a resident of Green Acres
on Aug 18, 2009 at 9:58 pm

I see that the prospect of the new business tax is not deterring Tesla from moving to Palo Alto. So much for all the anti tax people crying wolf about the new tax.


Like this comment
Posted by Walter_E_Wallis
a resident of Midtown
on Aug 19, 2009 at 1:51 am

Walter_E_Wallis is a registered user.

Since Tesla is a subsidized operation their sensitivity to costs is lessened.


Like this comment
Posted by Crescent Park Dad
a resident of Crescent Park
on Aug 19, 2009 at 3:52 am

Stanford worker: I thought the city council went too far on their requests of Stanford on the retail/hotel project and new hospitals as well. That being said, you need to be honest in your argument and acknowledge that that retail/hotel project was additonal sqft and headcount and that the Packard Hospital is also additional sqft and headcount too. The main hospital is a replacement but will also increase in sqft and headcount.


Like this comment
Posted by Sharon
a resident of Midtown
on Aug 19, 2009 at 8:06 am



Walter makes a good point.
Tesla is now supported by tax payer handouts so rather than moving to a low rent industrial park, which any sane enterprise would do with no viable product, no sales and embroiled in litigation with the founders.

Instead Tesla decides to spend our taxpayer money to move to very high rent Palo Alto.

When it has burned through our money on this terrible business decision what are they going to do, ask us to give them more handouts with no equity?


Like this comment
Posted by Stanford worker
a resident of Stanford
on Aug 19, 2009 at 8:11 am

Crescent Park Dad--One other point to remember is that it was the PA City Council that pressed Stanford to build the retail/hotel project in order to increase the tax revenue for the city.
The real point is has any business that has come to town, whether it built a new building from scratch or occupied an existing one, been asked to build housing for their employees or been asked to guarantee no new net car trips? If traffic is bad, then why are we pushing "destination Palo alto", why did we subsidize the Senior Games?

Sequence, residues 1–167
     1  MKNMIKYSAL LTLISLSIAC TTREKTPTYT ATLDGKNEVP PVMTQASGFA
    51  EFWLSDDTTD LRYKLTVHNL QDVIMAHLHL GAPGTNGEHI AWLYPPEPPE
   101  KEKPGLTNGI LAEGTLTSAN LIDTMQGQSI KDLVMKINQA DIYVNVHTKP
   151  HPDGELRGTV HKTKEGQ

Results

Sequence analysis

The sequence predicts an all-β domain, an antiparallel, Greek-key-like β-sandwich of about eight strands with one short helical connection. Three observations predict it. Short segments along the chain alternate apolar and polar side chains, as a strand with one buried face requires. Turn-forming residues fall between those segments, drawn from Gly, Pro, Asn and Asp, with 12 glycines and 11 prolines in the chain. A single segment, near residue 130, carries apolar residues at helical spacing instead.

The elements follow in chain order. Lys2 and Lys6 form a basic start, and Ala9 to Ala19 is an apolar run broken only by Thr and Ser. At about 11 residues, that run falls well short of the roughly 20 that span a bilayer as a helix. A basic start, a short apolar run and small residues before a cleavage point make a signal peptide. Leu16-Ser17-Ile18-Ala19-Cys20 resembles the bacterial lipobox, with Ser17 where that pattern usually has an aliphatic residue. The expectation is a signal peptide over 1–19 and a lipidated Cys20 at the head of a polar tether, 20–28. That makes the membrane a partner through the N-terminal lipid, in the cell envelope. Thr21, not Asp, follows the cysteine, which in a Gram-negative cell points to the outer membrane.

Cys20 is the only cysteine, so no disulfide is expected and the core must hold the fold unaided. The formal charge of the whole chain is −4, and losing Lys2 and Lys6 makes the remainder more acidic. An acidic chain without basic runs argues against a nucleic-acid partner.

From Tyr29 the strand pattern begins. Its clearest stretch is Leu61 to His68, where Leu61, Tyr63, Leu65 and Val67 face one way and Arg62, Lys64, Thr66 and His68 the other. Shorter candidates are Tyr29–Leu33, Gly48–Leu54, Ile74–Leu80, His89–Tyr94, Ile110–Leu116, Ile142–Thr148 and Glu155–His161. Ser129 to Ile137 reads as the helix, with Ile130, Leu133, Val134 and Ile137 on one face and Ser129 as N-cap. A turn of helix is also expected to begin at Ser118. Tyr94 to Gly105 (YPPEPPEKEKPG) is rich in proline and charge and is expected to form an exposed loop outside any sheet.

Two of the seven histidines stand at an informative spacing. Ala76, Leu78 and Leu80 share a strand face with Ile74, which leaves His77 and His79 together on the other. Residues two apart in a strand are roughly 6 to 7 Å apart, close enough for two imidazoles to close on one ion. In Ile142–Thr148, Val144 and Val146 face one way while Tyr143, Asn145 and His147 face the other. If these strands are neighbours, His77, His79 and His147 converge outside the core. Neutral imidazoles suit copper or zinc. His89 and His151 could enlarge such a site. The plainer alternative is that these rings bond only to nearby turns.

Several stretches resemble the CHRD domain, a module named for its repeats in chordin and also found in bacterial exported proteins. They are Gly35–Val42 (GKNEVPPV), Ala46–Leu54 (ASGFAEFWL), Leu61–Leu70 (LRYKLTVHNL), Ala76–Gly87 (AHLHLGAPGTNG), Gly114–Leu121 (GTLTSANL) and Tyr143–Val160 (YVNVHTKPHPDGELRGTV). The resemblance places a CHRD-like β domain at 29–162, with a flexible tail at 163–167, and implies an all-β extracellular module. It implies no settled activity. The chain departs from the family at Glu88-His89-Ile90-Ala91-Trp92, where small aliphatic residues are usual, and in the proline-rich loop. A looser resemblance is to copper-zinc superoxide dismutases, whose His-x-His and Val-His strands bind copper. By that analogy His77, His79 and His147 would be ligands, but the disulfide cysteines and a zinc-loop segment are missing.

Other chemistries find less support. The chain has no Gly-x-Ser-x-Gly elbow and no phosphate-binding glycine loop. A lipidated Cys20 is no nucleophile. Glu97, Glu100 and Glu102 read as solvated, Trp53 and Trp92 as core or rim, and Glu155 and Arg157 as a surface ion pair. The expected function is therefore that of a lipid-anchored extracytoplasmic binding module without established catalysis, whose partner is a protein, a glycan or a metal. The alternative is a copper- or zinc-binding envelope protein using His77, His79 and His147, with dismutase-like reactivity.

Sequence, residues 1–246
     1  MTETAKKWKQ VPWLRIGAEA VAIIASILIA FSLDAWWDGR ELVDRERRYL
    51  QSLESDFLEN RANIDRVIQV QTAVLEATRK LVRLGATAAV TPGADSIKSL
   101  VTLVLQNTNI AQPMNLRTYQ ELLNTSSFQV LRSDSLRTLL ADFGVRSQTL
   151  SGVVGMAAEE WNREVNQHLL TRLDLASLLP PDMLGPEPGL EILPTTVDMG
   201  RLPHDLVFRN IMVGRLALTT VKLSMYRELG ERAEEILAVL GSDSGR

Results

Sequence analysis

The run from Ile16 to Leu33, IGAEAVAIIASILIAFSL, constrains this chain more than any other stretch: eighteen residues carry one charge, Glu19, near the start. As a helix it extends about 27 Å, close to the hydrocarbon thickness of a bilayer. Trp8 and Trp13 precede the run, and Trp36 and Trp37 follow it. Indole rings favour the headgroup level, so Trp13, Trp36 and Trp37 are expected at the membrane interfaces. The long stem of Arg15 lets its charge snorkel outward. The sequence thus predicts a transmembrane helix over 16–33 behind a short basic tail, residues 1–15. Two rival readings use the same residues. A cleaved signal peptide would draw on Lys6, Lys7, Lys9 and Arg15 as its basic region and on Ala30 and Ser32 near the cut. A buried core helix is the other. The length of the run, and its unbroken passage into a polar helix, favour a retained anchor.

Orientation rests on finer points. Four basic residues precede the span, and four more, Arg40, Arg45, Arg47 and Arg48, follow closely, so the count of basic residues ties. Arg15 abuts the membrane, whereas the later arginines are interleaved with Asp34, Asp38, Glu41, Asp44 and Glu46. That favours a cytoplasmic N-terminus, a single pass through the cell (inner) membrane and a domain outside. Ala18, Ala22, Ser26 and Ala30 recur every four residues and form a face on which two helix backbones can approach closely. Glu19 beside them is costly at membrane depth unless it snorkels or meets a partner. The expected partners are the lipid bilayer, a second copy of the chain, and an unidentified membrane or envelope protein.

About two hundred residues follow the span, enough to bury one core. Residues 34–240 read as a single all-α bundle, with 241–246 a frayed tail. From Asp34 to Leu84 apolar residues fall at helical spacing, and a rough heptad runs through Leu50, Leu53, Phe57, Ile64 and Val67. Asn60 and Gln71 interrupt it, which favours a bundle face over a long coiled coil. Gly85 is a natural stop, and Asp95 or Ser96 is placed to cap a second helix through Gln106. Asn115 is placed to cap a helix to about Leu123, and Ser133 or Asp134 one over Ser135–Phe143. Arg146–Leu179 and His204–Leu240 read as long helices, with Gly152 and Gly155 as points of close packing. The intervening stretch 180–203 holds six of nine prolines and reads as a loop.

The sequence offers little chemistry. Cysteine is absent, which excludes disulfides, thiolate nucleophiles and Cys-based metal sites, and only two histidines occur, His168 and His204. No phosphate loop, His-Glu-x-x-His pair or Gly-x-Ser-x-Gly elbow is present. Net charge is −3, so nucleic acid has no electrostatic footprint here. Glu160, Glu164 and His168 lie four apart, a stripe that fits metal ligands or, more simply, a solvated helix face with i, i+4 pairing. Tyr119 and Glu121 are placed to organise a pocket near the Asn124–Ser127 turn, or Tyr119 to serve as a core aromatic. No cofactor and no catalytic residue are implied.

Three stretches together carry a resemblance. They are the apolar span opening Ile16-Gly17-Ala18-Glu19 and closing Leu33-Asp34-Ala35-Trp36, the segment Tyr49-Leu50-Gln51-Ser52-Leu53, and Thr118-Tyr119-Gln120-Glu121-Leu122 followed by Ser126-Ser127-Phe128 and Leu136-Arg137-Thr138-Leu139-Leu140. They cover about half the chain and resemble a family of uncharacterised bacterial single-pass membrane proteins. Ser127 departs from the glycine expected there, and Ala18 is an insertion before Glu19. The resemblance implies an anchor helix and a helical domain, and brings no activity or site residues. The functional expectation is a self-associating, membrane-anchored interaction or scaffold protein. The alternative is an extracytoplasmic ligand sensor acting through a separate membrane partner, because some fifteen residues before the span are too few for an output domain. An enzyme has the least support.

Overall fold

Like this comment
Posted by Low end digs
a resident of Green Acres
on Aug 19, 2009 at 8:22 am

Maybe Tesla should lease the Munni plant in Fremont!!!


Like this comment
Posted by Sun and Sand
a resident of Embarcadero Oaks/Leland
on Aug 19, 2009 at 12:05 pm

That's *NUMMI* plant. Easy answer, it's way to big for Tesla's current need. I'm not sure Tesla is a winner, as they're most likely considered a skunk works for potential rollup by one of the majors (Ford, GM, Fiat, etc.). No way that a small boutique car company can survive, long term - not any more. Tesla will be bought, eventually.

As for the "no new net car trips", give me a break! That said, I understand the consternation about our current approach to Stanford. The latter is way out of balance; it seems to be in PA's DNA to challenge the biggest hand that feeds it. Why? because we can, and it makes for good press. Otherwise, it's questionable policy to go down the road of costing Stanford money with interminable delays. Those delays result in increased costs for all who will eventually use Stanford facilities.

Last word on traffic: When was the last time Palo Alto led a coordinated effort to enable private enterprise intra-urban and regional transport (jitney buses, co-op taxis, etc. etc.? I can't remember this ever happening, even once. So anyone complaining - at the policy level, or otherwise - about increases in car trips, really needs to put their rhetoric in line with action. Otherwise, it's all the whining is just hot exhaust.